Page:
The Victoria’s Secret televised runway show has been the biggest and most successful event the company has put on since it began in 1995 — with people watching it for the star-studded performances, spectacle of supermodels dressed as “angels”, or for the small intimates being strutted down the runway.
However, industry professionals are predicting that the fashion show will do little to help the subpar expectations expected for L Brands (the parent company of Victoria’s Secret, Bath & Body Works, La Senza and more), which is facing slumping sales and resorting to cheaper intimates with little luck. The company is struggling under pressure from millennial-oriented brands like ThirdLove and American Eagle’s Aerie division and in July, announced that due to weak sales, it would have to extend its semi-annual sale by two weeks and offer higher discounts. It’s also closing 20 stores that are suffering from poor sales and has seen its stock drop from an all-time high of $99.41 on December 4, 2015 to an average of $30.
The plummeting stock of L Brands, owner of Victoria's Secret
While the company’s fashion show had the worst ratings on record in 2017, averaging a 1.5 rating among adults 18-49, a 30 percent drop from the previous low one year prior. But while the fashion show’s ratings are a big issue, there’s much deeper ones running through Victoria’s Secret.
This month the company announced the sudden departure of Jan Singer, CEO of the L Brands unit which included Victoria’s Secret, only joining the brand in September 2016. Her departure — only one week after the VS show in NYC, is only the latest in a streak of bad publicity for the company over the last few weeks.
Just prior to this event, the chief architects of the show — CMO of L Brands Ed Razek and VP of PR Monica Mitro — sat down with Vogue to share details about the upcoming show. The interview was going fine, but when the duo was asked about the shifting trends and needs from consumers, Razek got ugly:
“So it’s like, why don’t you do 50? Why don’t you do 60? Why don’t you do 24? It’s like, why doesn’t your show do this? Shouldn’t you have transsexuals in the show? No. No, I don’t think we should. Well, why not? Because the show is a fantasy. It’s a 42-minute entertainment special. That’s what it is. It is the only one of its kind in the world, and any other fashion brand in the world would take it in a minute, including the competitors that are carping at us. And they carp at us because we’re the leader. They don’t talk about each other. I accept that. I actually respect it. Cool. But we’re nobody’s third love. We’re their first love. And Victoria’s Secret has been women’s first love from the beginning.”
Then days later an insincere apology was sent out via the Victoria’s Secret Twitter account but the message that “transsexuals” do not fit in the idea of “fantasy” that VS wants to represent. Thousands of people have since voiced their disapproval of the brand on social media, vowing to boycott the chain, including executives from other lingerie brands.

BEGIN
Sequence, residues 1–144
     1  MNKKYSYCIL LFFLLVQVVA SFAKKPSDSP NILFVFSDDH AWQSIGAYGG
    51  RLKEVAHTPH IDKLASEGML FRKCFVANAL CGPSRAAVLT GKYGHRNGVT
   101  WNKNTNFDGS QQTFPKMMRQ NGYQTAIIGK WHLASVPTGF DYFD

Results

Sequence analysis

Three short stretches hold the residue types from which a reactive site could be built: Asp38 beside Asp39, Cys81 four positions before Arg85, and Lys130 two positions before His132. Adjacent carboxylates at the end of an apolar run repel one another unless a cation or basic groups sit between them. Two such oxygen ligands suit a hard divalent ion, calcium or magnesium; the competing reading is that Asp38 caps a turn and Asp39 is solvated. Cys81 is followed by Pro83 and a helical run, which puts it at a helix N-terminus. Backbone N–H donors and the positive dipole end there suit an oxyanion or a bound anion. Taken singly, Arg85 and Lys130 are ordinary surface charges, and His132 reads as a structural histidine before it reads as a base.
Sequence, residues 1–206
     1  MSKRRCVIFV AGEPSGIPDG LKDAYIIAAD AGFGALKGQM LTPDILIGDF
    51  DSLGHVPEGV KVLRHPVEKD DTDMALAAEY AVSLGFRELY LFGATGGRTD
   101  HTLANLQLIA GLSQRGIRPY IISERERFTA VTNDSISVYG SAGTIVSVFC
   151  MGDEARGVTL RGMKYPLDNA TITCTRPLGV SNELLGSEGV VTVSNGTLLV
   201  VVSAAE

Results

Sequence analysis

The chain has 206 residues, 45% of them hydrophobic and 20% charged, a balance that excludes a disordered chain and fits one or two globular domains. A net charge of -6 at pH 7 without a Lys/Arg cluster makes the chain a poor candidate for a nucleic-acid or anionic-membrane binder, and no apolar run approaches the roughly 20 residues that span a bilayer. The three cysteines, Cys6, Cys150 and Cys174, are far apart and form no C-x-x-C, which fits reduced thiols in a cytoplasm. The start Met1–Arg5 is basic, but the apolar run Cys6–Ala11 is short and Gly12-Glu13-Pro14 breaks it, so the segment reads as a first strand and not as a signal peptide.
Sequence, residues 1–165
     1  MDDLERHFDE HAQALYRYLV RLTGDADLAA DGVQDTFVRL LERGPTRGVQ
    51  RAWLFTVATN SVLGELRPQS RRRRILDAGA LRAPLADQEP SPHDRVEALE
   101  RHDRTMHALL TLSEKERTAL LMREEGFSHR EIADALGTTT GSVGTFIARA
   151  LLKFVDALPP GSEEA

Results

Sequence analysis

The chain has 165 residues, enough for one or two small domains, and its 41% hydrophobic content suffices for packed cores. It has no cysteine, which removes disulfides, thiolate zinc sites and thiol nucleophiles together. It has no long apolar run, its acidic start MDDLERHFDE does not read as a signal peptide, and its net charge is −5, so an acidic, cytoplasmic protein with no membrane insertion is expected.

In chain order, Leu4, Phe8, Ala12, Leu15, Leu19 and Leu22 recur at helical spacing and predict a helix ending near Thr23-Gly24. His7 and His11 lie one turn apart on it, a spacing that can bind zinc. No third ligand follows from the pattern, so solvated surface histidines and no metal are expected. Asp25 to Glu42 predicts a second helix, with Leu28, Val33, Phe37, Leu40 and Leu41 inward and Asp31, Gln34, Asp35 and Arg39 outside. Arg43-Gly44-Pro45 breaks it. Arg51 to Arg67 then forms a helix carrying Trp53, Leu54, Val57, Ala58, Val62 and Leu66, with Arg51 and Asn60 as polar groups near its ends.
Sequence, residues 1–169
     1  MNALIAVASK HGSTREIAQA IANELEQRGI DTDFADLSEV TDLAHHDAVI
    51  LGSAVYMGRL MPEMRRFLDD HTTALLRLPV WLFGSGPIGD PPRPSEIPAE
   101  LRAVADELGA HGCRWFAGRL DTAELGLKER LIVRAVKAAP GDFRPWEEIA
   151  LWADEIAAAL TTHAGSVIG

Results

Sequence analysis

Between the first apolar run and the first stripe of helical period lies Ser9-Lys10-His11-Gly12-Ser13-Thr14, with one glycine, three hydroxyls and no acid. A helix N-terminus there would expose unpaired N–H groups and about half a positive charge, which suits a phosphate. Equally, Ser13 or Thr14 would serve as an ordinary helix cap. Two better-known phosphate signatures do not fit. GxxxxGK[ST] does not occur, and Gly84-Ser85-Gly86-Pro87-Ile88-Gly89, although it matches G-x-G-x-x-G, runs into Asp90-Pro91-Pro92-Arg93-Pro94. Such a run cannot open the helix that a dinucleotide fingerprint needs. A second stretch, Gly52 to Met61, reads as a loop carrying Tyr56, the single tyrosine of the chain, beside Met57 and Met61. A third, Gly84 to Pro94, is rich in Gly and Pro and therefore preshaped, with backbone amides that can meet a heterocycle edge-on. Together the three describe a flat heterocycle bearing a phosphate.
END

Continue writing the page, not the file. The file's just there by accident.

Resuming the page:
Becca McCharen-Tran, founder of Chromat, penned a response to the remarks in Out:
“Chromat’s success — commercially and among the press — is a direct result of our point of difference in the very crowded swim and lingerie space. As a women at the helm of a swim or lingerie brand, I’ve refused to compromise on inclusivity as a pillar of our business model. That means Chromat has always designed for a wide range of sizes (we currently offer sizes 00 — 30 at chromat.co), and for all different bodies, ages, abilities and places on the gender spectrum. As a queer woman, I do not focus on designing clothes to make the wearer more appealing to men. Rather, I want our clothes to empower anyone who wears them to harness the strength and beauty within themselves.”
“You market to men and sell a male fantasy to women. But at ThirdLove, we think beyond, as you said, a “42-minute entertainment special.” Your show may be a “fantasy” but we live in reality. Our reality is that women wear bras in real life as they go to work, breastfeed their children, play sports, care for ailing parents, and serve their country. Haven’t we moved beyond outdated ideas of femininity and gender roles? It’s time to stop telling women what makes them sexy — let us decide. We’re done with pretending certain sizes don’t exist or aren’t important enough to serve. And please stop insisting that inclusivity is a trend.”
When Singer joined VS from her previous role at Spanx, it was said that she wanted to seek out new, young customers with new products and better understanding of the consumer. “It’s not a one size fits all,” she said in a conference call, which is clearly not the case, as evident from the recent remarks by company staff.
Furthermore, recent data from YouGov shows that female’s perception of VS has declined since 2013, according to the research firm’s “buzz score” which tracks how customers feel about brands, based on what they see and hear.
To make a comeback from this most recent mess, the company needs to really double down on being in tune with current cultural trends and what is deemed acceptable by the public — clearly the company is failing to do this so far — because today’s consumers aren’t overly forgiving and customers voices carry an immense amount of weight.